I arrived in Athens to gloomy, polluted skies, perfect to match my mood. I hadn’t wanted to fly to Athens so early, and the thought of stopping and spending a few nights in my stop-over only occurred to me once I was already on my way to Athens. I spent 8 stupid hours, starting in Croatia, to get to a place I didn’t even want to be.
To top it all off, the place I was going to stay in Greece had fallen through. Scamming some free wifi and sipping a latte in Stockholm’s International Airport, I hastily booked myself a one-night stay at the first (and cheapest) place I saw on hostelworld.
Imagine the sketchiest street you’ve ever seen: peeling, graffitied apartment buildings with cracked windows and crooked blinds. Add it the constant wail of screaming sirens, possible prostitutes and definite drug deals. Welcome to Athens International Hostel!
A large Greek man checked me in and asked me if I’d eaten yet. “I’m ordering, what would you like?” He leaned towards me and grinned, baring stained teeth. I shrank away. “I’m alright,” I said. “Fine,” the Greek man replied. His co-worker blew smoke into my face. “Leave your key at the desk when you go out.” I almost laughed. There was no way I was venturing out onto those streets again.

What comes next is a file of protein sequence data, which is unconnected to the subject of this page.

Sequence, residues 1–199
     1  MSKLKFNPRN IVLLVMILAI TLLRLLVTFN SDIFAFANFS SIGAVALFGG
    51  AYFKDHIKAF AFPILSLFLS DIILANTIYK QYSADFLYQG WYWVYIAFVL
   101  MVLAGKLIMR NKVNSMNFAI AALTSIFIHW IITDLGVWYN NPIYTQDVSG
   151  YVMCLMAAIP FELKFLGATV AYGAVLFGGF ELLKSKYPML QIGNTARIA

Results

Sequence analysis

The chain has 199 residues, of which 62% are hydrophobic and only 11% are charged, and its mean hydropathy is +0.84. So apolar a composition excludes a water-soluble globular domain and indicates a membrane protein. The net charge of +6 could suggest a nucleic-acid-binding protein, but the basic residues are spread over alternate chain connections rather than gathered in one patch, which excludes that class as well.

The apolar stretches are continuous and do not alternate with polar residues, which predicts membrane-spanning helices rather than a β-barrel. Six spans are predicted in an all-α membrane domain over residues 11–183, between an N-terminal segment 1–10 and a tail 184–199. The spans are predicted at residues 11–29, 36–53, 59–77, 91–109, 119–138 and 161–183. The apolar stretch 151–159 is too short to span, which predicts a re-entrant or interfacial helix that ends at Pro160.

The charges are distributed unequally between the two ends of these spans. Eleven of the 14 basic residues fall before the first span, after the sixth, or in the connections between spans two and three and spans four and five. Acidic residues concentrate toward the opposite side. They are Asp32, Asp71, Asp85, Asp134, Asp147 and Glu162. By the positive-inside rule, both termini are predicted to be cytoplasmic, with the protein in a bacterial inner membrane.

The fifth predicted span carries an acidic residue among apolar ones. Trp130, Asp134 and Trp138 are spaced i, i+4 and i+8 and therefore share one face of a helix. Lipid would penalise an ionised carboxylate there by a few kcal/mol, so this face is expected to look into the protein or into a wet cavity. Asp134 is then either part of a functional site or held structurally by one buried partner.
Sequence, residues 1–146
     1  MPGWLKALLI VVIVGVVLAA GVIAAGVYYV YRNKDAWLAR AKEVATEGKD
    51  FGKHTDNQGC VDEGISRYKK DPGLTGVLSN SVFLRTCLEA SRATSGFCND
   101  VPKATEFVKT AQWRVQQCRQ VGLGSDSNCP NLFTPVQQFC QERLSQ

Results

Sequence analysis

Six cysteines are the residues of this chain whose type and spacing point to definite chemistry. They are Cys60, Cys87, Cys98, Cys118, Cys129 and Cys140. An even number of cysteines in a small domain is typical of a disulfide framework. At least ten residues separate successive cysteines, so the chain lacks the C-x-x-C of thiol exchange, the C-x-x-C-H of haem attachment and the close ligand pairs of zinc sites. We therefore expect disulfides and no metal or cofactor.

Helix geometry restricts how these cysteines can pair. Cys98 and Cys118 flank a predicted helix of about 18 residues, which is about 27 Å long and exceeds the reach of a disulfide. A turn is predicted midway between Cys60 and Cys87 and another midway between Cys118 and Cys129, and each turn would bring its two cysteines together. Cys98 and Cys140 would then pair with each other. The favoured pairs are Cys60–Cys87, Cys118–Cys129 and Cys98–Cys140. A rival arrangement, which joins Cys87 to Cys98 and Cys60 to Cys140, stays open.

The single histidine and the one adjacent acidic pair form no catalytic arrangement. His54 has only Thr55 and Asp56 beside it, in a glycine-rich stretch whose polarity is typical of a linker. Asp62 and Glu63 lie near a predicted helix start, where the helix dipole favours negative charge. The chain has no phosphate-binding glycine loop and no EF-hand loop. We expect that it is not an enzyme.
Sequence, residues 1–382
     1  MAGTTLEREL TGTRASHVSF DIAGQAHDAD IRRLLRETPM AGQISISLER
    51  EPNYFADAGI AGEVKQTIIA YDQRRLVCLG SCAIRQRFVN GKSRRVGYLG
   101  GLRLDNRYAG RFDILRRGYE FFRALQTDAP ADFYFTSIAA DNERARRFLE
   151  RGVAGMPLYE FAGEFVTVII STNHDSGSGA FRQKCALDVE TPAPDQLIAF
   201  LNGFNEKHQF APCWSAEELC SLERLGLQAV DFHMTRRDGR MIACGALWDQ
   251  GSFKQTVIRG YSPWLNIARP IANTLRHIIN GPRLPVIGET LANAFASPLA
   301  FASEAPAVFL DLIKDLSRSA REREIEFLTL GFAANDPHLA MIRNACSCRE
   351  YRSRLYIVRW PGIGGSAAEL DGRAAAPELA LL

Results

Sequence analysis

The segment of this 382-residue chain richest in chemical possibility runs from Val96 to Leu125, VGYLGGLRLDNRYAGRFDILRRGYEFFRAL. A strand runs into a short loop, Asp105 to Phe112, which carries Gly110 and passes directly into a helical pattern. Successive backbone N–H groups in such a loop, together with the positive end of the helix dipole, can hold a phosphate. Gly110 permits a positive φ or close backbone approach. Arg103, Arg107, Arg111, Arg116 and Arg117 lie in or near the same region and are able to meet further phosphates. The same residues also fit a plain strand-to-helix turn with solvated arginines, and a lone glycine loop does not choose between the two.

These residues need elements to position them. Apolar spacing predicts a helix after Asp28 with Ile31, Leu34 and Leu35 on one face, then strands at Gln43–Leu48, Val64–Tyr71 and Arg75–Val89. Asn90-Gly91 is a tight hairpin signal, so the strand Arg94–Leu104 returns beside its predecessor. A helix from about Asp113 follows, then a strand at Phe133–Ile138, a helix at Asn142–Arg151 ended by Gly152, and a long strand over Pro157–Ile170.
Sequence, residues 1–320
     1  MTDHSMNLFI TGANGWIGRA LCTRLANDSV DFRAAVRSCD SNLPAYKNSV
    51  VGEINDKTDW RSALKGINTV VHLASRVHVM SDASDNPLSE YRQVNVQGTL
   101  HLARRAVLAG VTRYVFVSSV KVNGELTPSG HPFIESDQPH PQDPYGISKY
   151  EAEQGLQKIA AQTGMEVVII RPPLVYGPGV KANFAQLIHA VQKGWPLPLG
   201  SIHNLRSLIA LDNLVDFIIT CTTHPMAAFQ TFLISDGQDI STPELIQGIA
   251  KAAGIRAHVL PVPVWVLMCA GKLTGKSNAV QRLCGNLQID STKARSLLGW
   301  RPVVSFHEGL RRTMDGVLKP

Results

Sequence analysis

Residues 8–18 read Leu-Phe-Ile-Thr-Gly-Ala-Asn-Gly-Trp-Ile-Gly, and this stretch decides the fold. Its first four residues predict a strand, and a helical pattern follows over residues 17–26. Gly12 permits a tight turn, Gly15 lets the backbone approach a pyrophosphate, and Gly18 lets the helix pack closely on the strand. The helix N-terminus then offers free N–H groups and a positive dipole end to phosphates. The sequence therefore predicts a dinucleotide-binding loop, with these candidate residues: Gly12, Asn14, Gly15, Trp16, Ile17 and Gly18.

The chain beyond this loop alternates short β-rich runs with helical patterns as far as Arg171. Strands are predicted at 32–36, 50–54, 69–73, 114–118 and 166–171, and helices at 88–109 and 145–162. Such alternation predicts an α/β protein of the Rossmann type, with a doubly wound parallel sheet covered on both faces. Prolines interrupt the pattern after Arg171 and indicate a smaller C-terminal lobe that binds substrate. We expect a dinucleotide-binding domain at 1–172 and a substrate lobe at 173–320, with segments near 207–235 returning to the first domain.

The hostel itself felt safe enough, but outside was teeming with the type of nightlife I try to avoid as a solo female traveller. I managed to brave the bug-infested shower and springy bed for one night, enduring the screaming of French school kids that overran the decaying tower throughout all hours.
Early the next morning, my British roommate and I checked out and stalked into Athens streets. Following the advice of hostelworld reviews, we found ourselves at Hostel Pella Inn and booked a dorm room boasting an incredible view. What started out as a horrible, unplanned roadblock in Athens ended up in a dire love for the city and it’s people. Once I was comfortable with where I was staying, I was free to explore and adore the city.